By Martin Kosla
As a law firm that defends prison and jail medical staff, the first set of documents that we usually review and analyze (after reviewing the inmate’s complaint) are the medical records maintained by the institution. As such, there is a good chance that this is also the first set of documents that a plaintiff’s attorney will review. Later in the lawsuit, the records will be reviewed and scrutinized by the parties’ medical experts, who will then opine as to whether the inmate or detainee’s treatment was appropriate and whether the medical practitioner’s conduct was reasonable and within the standard of care. For this reason, the need to keep accurate, detailed and timely records is of the utmost importance.
We encounter and defend numerous lawsuits in which inmates allege that medical practitioners did not provide them with the medical attention that they thought was appropriate. This ranges from minor claims such as failure to provide desired pain medications to failure to put the inmate on a particular treatment protocol for Hepatitis-C to more serious claims such as failure to examine/treat following a severe head injury and wrongful death. Many of these lawsuits are brought by inmates under the Eighth Amendment, which prohibits cruel and unusual punishment. Other are brought under the Fourth or Fourteenth Amendments, which pertain to detainees and pre-trial arrestees.
In order to prevail in a lawsuit under the Eighth Amendment for inadequate medical care an inmate must show that the medical practitioner was deliberately indifferent to the inmate’s serious medical needs. In particular, the inmate must prove that: (1) the inmate had a “serious” medical need; and (2) the medical practitioner’s response to that need was unreasonable. In determining whether the inmate had a “serious” medical need, the courts will consider whether:
- a reasonable doctor would think that the condition is worthy of comment,
- the condition significantly affects the prisoner’s daily activities, and
- the condition is chronic and accompanied by substantial pain.
It is thus important that progress notes (and any other medical records) contain sufficient details to address these factors.
This is especially critical if the inmate disagrees about the severity of his condition. For example, if the inmate complains of substantial pain (e.g. 10/10) but the physical symptoms are not present to support such pain, then this discrepancy should be noted in the progress notes. Notations such as “claims 10/10 but has full range of motion and no grimacing/ tenderness on palpation” can be helpful.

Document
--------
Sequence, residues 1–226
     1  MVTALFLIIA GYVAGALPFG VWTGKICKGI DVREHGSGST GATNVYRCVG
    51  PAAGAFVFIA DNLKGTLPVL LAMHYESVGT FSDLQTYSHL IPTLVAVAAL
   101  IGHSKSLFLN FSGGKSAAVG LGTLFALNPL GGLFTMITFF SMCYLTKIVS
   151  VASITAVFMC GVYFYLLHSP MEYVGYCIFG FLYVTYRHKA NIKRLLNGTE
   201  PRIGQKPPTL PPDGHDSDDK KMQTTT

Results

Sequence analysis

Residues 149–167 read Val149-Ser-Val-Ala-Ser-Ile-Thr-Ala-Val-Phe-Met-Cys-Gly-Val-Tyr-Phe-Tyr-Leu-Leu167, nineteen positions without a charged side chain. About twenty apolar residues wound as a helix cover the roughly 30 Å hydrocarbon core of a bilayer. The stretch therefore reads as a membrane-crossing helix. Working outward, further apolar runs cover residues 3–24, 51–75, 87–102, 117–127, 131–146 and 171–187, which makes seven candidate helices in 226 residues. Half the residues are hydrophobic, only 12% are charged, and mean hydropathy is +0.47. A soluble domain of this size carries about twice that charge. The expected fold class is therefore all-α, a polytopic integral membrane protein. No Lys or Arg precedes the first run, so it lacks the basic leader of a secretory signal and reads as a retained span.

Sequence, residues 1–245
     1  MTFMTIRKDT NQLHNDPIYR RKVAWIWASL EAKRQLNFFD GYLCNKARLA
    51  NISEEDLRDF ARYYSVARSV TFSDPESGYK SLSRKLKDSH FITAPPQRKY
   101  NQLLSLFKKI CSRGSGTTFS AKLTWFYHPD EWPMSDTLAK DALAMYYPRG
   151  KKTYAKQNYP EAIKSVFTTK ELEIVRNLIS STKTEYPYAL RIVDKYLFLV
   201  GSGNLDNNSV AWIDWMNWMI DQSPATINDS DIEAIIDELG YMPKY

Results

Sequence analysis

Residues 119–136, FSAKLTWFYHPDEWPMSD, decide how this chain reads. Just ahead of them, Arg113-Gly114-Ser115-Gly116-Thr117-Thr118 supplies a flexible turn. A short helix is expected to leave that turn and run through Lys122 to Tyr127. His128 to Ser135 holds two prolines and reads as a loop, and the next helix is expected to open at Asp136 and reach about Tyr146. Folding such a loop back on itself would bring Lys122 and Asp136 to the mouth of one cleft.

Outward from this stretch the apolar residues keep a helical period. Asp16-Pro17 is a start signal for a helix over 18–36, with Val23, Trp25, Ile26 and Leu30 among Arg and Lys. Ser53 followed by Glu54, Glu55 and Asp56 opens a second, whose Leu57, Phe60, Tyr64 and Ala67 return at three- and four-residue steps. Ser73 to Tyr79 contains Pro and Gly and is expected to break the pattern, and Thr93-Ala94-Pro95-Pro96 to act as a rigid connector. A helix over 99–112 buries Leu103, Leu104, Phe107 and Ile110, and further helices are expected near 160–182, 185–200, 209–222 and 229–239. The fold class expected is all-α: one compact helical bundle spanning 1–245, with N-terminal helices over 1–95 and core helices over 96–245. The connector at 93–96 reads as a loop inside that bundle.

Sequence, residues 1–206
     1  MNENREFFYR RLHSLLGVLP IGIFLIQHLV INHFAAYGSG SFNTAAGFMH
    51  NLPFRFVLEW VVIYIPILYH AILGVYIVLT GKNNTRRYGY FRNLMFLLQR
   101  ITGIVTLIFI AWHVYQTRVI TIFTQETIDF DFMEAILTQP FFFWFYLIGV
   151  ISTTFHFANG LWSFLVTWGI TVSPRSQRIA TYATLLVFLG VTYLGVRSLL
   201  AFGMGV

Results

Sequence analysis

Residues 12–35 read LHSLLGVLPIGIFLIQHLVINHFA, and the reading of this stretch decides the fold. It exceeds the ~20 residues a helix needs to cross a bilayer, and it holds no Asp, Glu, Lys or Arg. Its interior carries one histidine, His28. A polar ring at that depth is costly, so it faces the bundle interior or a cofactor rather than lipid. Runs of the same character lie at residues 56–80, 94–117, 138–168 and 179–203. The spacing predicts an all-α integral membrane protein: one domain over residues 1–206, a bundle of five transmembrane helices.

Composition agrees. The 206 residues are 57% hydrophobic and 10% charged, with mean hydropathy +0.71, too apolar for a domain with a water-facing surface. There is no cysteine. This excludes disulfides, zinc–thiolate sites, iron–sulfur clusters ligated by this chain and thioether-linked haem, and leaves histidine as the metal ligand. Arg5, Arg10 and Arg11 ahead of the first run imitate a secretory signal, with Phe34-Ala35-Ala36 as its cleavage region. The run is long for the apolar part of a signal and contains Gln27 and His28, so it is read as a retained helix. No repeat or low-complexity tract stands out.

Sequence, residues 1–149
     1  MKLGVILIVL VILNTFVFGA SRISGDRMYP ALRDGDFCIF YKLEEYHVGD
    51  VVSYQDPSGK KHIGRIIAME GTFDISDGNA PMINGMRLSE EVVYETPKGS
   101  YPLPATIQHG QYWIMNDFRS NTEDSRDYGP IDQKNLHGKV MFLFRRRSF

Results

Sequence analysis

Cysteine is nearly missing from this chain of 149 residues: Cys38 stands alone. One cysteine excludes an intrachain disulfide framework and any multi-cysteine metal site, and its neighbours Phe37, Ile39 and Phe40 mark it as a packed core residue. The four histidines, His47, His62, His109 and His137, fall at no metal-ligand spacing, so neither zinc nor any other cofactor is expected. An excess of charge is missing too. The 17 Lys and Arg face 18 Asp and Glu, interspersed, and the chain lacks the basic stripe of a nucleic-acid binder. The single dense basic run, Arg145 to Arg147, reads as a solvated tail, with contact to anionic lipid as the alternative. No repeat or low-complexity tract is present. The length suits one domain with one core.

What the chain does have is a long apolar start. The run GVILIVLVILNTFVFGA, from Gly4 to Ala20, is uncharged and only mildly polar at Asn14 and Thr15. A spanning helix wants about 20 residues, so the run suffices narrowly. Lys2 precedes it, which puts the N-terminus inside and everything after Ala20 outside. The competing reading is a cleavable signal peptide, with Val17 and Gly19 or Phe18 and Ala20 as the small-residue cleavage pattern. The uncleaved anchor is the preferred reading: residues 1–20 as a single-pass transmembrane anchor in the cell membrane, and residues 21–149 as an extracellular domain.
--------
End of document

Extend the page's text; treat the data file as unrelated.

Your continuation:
The courts have held that delay in treating a “serious” condition can amount to deliberate indifference. (In such cases, however, the inmate must ordinarily show that the delay led to greater injury.) Therefore, it is helpful if progress notes explain any delays in treatment, especially if it was ordered by the practitioner but there were delays that occurred which were out of the practitioner’s control. For example, if an outside consultant is booked up for months, then this should be mentioned and phone calls or emails to try to get an earlier appointment noted. Otherwise, an inference could be made that the delay was the practitioner’s fault or, worse, that he didn’t care.
Further, the courts have held that if the medical practitioner is not competent to examine, diagnose, and treat an inmate’s medical problem, they must refer the inmate to another who can. (At the same time, the courts have held that an inmate has no independent constitutional right to outside medical care supplemental to the medical care provided by the prison.) In such cases, it is important that the appropriate referral form is completed in its entirety. The type and date of the referral should also be noted in the progress notes. This may be an internal form, such as a LVN referring the inmate to a Physician’s Assistant or Doctor at the facility.
For a medical care lawsuit brought under the Fourth or Fourteenth Amendment, or a negligence standard, the key issue is whether the care provided was consistent with the standard of care in the industry. Here, that means in correctional facilities. For example, if no correctional facilities are providing gender-transition surgery even when a doctor attests that it is psychologically necessary to the inmate’s well-being, then failure to permit and fund such a surgery may not be below the standard of care. Whichever standard applies, making more notations about the reasons for a particular course of care and treatment is almost always helpful later on.
Throughout an inmate’s treatment, there may also be a time when the practitioner discovers an error in the medical record. In such cases, the practitioner should draw a line through it and write the time and date and their initials in the margin. The practitioner should not destroy the original progress note or use white-out on it, as others may infer a nefarious reason for the redaction. Also, to prevent changes from being made by others to the record after the fact, it can be beneficial for practitioners to draw diagonal lines through any blank spaces left after a written entry in a progress note.
While not all lawsuits can be prevented, medical practitioners can help to minimize their exposure by at least keeping clear and detailed progress notes regarding an inmate’s or detainee’s treatment. After all, it has been often said that if it’s not written down, it didn’t happen. A progress note or other record helps remind the practitioner what occurred and corroborates it for the court or jury. A photograph is even better to show jurors, for example, if injuries are claimed but not visible (and of a type that should be visible such as a lack of bruises, abrasions, or swelling following an alleged beating).